As I often do when I start reviewing a speaker, I just messed around with the Radius 270, playing a bunch jazz records my friend Nick loaned me. He hadn't listened to them for at least a decade, but they turned out to be pristinely preserved -- not one of them had the slightest scratch. Yet another great reason to own a turntable: You can bum records off your friends who don't have turntables.

My ears perked up right away when I heard the super-spacious, ambient soundstage the Radius 270 threw out on guitarist Gabor Szabo's The Sorcerer, a 1967 side recorded live at the Jazz Workshop in Boston. Szabo's twangy guitar (a steel-string, flat-top acoustic with a single-coil pickup) and drummer Marty Morrell's snare and cymbals sounded like they were echoing off the hard walls of a medium-sized club. I loved the way the Radius 270 seemed to recreate the acoustics of the venue so precisely. As a web search later told me, the Jazz Workshop was indeed a decent-sized basement space, something like the Village Vanguard or Small's in New York City, so apparently the Radius 270 got it right.

Drummer Chico Hamilton's Man From Two Worlds (also featuring Szabo) was even better, with saxist/flautist Charles Lloyd's ethereal sounds seeming to emanate from a big virtual space in the front of my room rather that from the Radius 270s.

Old jazz records, though, are not the most demanding material, so I switched over to my 10 favorite stereo test tracks. Steely Dan's "Aja" (actually not one of my top 10 these days but definitely in my top 15) sounded very smooth, with the hard-to-reproduce piano in the recording showing no trace of the unpleasant hardness most speakers give it. The 270s treated Donald Fagen's reedy voice just as carefully.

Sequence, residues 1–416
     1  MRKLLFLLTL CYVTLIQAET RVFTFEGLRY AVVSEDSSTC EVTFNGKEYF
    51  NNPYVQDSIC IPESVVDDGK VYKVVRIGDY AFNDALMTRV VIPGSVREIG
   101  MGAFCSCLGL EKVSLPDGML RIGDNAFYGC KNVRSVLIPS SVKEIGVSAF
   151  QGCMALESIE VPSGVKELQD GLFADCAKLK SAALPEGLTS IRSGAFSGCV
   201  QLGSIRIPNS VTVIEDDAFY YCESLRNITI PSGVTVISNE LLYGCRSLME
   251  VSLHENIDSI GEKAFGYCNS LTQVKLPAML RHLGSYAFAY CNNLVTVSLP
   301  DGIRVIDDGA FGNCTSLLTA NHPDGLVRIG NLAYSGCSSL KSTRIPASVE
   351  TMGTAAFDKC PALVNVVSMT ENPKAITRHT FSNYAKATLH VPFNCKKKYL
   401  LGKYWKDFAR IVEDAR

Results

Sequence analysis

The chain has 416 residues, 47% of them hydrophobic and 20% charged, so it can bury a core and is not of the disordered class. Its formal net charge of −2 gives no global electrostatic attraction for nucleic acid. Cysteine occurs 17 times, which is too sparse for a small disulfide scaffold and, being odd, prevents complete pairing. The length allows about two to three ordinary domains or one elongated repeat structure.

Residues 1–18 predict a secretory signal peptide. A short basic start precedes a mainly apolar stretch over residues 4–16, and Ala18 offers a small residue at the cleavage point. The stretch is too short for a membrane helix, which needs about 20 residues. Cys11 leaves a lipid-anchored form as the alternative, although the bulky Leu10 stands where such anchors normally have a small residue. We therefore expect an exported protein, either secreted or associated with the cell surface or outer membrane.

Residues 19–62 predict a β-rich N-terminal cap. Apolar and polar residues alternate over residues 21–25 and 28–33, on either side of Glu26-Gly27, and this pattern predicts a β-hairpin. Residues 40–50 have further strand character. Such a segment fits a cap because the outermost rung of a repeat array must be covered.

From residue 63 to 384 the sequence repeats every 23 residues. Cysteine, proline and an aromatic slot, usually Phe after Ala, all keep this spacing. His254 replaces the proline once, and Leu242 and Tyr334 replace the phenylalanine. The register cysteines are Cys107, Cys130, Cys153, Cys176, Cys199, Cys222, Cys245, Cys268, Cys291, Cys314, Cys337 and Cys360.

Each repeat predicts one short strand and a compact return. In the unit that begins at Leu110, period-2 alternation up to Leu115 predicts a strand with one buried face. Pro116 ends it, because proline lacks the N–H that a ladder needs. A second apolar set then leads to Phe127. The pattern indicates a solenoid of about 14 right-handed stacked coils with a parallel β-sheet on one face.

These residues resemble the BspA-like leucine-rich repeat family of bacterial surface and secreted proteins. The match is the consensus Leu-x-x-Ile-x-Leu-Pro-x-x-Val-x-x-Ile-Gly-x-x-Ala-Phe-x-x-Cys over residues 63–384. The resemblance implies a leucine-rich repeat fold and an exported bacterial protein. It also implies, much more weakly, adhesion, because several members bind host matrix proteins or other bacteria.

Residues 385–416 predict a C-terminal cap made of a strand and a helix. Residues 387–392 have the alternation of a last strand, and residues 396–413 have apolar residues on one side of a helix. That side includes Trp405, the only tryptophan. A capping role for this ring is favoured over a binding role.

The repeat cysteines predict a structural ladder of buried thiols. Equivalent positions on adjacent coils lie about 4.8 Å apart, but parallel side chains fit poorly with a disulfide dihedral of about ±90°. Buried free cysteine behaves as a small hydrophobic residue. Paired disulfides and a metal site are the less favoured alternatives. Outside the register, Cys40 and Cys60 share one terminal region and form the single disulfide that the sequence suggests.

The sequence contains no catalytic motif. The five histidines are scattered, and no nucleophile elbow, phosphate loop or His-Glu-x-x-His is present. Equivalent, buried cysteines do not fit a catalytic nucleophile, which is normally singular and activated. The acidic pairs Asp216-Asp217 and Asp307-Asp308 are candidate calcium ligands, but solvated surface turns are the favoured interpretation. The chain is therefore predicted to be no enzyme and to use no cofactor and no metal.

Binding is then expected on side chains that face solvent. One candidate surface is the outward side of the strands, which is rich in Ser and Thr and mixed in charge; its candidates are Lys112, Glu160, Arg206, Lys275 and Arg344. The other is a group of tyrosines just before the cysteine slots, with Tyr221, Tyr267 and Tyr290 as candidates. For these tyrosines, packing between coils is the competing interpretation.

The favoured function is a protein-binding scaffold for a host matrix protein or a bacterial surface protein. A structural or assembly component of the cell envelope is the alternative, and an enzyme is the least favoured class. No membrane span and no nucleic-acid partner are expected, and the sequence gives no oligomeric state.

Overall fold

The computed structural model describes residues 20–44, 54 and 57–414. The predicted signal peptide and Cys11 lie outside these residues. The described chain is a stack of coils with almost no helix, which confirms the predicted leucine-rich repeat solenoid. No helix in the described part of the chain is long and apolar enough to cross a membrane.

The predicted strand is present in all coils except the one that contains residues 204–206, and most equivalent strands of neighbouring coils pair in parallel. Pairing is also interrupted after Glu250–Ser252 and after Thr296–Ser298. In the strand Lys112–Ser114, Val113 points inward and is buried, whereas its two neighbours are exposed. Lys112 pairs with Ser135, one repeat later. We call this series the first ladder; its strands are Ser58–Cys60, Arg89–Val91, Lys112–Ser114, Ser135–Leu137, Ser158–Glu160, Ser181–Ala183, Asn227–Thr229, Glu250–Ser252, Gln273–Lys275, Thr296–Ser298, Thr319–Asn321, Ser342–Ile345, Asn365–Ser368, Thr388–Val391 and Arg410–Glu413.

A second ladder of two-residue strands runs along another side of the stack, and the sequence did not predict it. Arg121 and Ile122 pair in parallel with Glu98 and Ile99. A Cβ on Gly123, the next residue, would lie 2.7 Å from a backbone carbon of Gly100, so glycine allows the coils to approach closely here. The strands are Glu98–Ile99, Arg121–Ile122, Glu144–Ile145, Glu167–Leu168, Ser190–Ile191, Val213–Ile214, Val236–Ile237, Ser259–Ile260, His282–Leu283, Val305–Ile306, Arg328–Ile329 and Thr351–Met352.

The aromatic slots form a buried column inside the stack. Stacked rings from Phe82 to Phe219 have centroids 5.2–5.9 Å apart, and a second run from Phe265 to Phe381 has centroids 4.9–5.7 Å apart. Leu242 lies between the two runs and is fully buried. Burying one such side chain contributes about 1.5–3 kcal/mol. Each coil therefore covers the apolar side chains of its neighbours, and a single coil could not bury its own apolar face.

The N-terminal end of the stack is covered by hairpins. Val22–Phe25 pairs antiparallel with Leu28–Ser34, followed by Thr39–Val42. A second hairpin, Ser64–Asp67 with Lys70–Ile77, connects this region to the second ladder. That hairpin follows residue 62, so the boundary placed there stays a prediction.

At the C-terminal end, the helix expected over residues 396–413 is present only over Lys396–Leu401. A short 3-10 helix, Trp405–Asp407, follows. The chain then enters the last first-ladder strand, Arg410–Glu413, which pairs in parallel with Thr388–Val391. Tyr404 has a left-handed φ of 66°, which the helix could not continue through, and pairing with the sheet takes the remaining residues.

I did notice that while Chuck Rainey's bass line sounded tight, it didn't sound powerful, and the piano lacked some body. I also noticed the cymbals seemed to show a little trace of emphasis in the mid-treble, but not as much detail in the upper treble, above 10 kHz. This made me wonder if maybe Monitor Audio's engineers rolled off the treble slightly to better balance the little woofers' lightweight bass output. That'd be a smart move, I think -- sometimes a tweeter with flat response to 20 kHz can sound too bright when paired with small woofers.

My favorite "normal music" track, Toto's "Rosanna," sounded positively huge through the Radius 270, with the colossal, reverberant sound I imagine the group was going for. ('Cause you know everybody back in the early 1980s was going for that sound.) As I pushed the volume up past 92 dBC, measured from my listening seat 11 feet away, the sound got thin and the kick drum lost its kick. On Mötley Crüe's “Kickstart My Heart," the Radius 270 just blared at me when I tried cranking it to a satisfying level. But adding the SB-2000 subwoofer into the system fixed this problem instantly and completely.